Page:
“I had this little tiny notion,” Dietz reveals. “I had a friend who had his kids try out his camping equipment in their basement once. And of course, that is what’s beautiful about writing for young people: where they go on that camping trip in their imagination is much more dynamic than getting out even on the San Juan Islands, which is near my house. Because it’s in their imaginations, so it can be anywhere.”

Especially when your brand-new camping gear is a birthday gift, you’re in a strange haunted house for the first time in your life… and there’s a smartphone app your dad bought you that makes your whole camping adventure come alive!

So that’s the downstairs core of the Second Story Project. From time to time, Dad calls down from upstairs, making sure the kids are settled in and sending down snacks. The two plays interconnect with those conversations – we only see Dad in The Great Beyond – and there are key props that will be common to both of Dietz’s eerie dramas.

Upstairs, where the séance happens, the parents are having a dinner reunion after a great family loss, and we learn why the kids have never visited this house before. For Dietz, there was a unique benefit in crafting his two new plays as a matched set.

“Writing [Splinter Cove] taught me about those kids’ parents,” Dietz remarks. “In any other play I’ve ever written, they would just be offstage characters. This process doesn’t have offstage characters, really. They have characters onstage at the other theater.”

And they’re not necessarily alive. Bwa-ha-ha!

Two Iconic Singer-Songwriters Collide

Reviews: Nina Simone: Four Women and Ain’t Misbehavin’

By Perry Tannenbaum

With three new theater productions opening last week from Actor’s Theatre, Brand New Sheriff, and Theatre Charlotte – all sporting all-black casts – we have entered a Black History Month in Charlotte that is more about black history than ever before. Some of the African Americans who might be expected to show up for those auditions will be shining in the spotlight somewhere else this weekend as Children’s Theatre of Charlotte opens Bob Marley’s Three Little Birds at ImaginOn.

Unless you count university productions, we haven’t had more than one truly black theater production here in Charlotte during any Black History Month in the past 10 years.

So our Black History Month upgrade – and the stunning amount of local black talent necessary to make it happen – was definitely on my mind as I took in all of these shows. But a couple of times, in Actor’s Theatre’s tribute to Nina Simone and Theatre Charlotte’s Fat Waller revue, I found myself flashing back to January 2003.

That’s when a bi-racial Charlotte Rep production of Let Me Sing featured two black Broadway veterans, Gretha Boston and André de Shields, who boasted five Tony Award nominations and two wins between them.

Nina Simone: Four Women from Actor’s Theatre threw a new perspective on what are usually regarded as Rep’s declining years. The title role, calling for a passionate Black Power advocate and a charismatic singer-songwriter, would obviously benefit from the Broadway star power that Michael Bush, with his Manhattan Theatre Club connections, was able to lure down to our Booth Playhouse during Rep’s latter days.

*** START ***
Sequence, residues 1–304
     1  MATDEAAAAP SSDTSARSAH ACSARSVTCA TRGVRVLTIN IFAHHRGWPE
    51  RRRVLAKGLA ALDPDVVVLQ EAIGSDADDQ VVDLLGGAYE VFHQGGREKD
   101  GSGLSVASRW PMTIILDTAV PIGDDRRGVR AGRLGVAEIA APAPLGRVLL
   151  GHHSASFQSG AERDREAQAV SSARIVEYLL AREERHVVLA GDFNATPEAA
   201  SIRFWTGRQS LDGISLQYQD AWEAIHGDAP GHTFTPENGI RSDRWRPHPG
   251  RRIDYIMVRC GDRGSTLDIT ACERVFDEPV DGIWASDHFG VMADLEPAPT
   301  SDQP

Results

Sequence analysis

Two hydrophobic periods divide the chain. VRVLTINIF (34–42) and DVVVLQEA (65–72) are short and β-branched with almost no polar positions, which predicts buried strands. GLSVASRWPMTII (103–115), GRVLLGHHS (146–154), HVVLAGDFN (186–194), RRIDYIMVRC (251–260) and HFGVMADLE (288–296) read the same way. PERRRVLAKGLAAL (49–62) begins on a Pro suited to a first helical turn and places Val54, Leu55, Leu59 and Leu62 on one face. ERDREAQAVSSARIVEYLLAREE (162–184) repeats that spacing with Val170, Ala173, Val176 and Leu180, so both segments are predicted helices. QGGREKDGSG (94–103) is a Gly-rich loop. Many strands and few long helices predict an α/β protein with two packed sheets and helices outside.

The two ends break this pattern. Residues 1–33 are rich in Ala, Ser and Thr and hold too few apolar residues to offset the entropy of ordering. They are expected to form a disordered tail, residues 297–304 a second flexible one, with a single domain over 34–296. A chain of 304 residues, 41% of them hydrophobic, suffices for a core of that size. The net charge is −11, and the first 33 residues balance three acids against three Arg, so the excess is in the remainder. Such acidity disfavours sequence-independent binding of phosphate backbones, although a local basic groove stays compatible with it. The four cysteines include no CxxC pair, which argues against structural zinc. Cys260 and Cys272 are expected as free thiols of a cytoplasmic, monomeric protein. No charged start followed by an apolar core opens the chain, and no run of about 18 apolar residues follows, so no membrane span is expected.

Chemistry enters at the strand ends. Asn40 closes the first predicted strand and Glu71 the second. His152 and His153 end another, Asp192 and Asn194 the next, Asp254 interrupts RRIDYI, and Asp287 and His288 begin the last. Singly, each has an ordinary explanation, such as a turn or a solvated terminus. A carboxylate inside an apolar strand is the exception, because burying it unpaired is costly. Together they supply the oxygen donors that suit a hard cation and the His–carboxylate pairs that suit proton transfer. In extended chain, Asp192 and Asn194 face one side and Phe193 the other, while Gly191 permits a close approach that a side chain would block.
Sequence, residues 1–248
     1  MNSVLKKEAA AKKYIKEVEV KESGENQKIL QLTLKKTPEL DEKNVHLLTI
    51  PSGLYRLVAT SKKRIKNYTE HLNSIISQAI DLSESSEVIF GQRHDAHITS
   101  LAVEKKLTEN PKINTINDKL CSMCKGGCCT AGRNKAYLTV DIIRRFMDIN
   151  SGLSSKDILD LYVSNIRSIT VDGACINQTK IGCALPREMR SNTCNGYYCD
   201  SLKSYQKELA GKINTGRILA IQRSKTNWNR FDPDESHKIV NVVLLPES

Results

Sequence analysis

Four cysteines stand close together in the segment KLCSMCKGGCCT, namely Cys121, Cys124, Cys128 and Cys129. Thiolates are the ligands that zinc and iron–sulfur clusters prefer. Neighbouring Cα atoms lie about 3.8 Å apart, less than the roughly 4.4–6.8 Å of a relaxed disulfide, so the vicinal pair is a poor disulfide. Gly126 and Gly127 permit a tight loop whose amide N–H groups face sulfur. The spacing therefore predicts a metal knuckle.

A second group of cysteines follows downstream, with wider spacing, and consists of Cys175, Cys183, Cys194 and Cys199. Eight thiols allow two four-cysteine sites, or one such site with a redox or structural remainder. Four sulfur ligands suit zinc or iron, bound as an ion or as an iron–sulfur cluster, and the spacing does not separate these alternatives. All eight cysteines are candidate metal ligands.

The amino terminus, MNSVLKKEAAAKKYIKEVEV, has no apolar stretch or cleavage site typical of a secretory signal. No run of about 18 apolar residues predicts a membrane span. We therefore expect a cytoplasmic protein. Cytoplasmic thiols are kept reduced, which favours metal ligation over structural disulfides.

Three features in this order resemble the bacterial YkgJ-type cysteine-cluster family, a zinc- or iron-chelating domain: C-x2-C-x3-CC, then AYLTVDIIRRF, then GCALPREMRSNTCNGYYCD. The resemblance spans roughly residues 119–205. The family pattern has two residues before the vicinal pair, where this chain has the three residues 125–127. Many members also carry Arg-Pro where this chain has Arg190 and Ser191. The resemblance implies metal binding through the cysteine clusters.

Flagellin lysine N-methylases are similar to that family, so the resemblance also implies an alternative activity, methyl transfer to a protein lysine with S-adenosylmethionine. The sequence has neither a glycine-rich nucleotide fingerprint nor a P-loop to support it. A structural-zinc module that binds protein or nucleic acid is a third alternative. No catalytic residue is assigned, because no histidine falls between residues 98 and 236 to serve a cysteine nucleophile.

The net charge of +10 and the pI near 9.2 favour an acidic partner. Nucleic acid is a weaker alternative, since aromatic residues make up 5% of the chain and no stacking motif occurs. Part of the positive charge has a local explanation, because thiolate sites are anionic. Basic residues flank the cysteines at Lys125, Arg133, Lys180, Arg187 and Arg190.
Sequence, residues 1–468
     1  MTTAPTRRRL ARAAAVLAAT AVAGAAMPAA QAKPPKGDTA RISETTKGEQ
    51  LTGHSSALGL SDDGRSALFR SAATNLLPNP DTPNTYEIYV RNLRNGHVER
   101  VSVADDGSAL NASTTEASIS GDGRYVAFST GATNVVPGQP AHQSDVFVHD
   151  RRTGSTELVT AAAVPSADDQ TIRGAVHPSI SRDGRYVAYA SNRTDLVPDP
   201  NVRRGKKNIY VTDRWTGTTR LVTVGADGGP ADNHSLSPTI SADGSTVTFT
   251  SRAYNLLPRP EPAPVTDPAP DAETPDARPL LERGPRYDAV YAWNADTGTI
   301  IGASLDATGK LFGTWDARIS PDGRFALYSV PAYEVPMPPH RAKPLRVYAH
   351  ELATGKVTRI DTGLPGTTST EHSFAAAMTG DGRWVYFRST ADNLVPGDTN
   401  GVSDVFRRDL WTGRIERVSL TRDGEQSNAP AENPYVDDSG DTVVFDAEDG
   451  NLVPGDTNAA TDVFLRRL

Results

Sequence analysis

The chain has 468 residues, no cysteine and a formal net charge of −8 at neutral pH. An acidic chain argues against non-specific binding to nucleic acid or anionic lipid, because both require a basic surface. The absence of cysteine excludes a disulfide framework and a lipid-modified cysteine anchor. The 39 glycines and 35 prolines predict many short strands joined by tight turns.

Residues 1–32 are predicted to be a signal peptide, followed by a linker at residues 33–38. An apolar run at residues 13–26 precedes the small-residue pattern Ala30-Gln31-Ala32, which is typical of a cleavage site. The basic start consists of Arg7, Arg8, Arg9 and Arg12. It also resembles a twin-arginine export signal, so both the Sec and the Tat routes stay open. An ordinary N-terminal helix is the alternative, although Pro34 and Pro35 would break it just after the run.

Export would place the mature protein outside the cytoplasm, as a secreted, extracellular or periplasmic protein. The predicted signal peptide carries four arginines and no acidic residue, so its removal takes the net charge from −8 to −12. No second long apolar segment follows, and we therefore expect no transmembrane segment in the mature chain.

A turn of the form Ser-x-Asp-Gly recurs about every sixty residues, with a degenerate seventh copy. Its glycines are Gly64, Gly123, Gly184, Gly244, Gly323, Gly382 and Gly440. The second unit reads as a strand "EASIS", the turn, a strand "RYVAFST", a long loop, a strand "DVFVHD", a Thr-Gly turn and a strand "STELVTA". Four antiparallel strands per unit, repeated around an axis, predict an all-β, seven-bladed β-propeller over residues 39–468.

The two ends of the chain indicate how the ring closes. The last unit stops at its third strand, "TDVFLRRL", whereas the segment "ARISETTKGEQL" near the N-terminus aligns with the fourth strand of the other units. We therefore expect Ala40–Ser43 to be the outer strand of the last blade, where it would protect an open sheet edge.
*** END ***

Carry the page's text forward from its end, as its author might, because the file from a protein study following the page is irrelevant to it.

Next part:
De Shields was actually one of the original stars of Ain’t Misbehavin’ when it opened at Manhattan Theatre Club and took the Tony for Best Musical in 1978. So my thoughts naturally returned to De Shields, Rep, and Let Me Sing when Theatre Charlotte opened the Fats Waller musical revue two days after Actor’s opened their Simone musical. On this night at least, I had the satisfaction of recalling the Broadway star and feeling that our fair Queen City was getting along just fine without him.

A lot of the credit goes to Charlotte’s own Tony winner, educator extraordinaire Corey Mitchell, who directs this sassy 94-minute show at the Queens Road barn. The cast he culled from auditions is consistently spectacular, whether they’re singing or dancing, but we also need to slice off some accolades to the seven-piece jazz band led by trombonist Tyrone Jefferson, featuring Neal Davenport at the piano. Kudos to choreographer Ashlyn Sumner: with some formidable talents to work with, she has stretched them.

Conceived by Murray Horwitz and Richard Maltby, Jr., Misbehavin’ goes about capturing Waller’s essence by culling the gems from his imposing oeuvre and preserving the pianist’s penchant for interpolating sly comments and wisecracks between his lyrics. Comical gems like “The Viper’s Drag,” “Find Out What They Like (and How They Like It),” and “Your Feet’s Too Big,” all score big. Adapting and orchestrating, Luther Handerson and Jeffrey Gutcheon usually go with the grain of Waller’s merry, mischievous recordings, but occasionally they go against it, slowing down “Honeysuckle Rose” and “Mean to Me” so they sound brand new.

Yet Waller also composed one solemn anthem that belongs in the same elite pantheon as Simone’s “Four Women” and Billie Holiday’s “Strange Fruit.” The introductory chords from the piano were all I needed to tell me that “Black and Blue” was on its way with lyricist Andy Razaf’s indelible refrain: What did I do to be so black and blue?

After delivering more than an hour of pure ebullient joy, it was a powerful question to ask. Lighting designer Chris Timmons dimmed his gels over Tim Parati’s funky nightclub set, Jefferson hushed the band, and Mitchell huddled his entire cast downstage where all five could look us coldly in the eye.